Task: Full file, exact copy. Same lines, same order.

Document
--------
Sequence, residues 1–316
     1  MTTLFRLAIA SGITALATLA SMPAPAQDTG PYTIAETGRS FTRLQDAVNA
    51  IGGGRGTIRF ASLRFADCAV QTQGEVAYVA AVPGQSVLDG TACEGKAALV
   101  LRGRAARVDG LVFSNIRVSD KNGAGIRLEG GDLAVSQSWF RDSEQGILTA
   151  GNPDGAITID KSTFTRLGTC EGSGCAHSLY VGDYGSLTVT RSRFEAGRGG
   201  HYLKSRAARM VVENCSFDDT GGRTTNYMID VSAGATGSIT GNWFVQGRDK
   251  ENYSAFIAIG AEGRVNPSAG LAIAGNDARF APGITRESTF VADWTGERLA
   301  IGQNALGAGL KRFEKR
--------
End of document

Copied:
Sequence, residues 1–316
     1  MTTLFRLAIA SGITALATLA SMPAPAQDTG PYTIAETGRS FTRLQDAVNA
    51  IGGGRGTIRF ASLRFADCAV QTQGEVAYVA AVPGQSVLDG TACEGKAALV
   101  LRGRAARVDG LVFSNIRVSD KNGAGIRLEG GDLAVSQSWF RDSEQGILTA
   151  GNPDGAITID KSTFTRLGTC EGSGCAHSLY VGDYGSLTVT RSRFEAGRGG
   201  HYLKSRAARM VVENCSFDDT GGRTTNYMID VSAGATGSIT GNWFVQGRDK
   251  ENYSAFIAIG AEGRVNPSAG LAIAGNDARF APGITRESTF VADWTGERLA
   301  IGQNALGAGL KRFEKR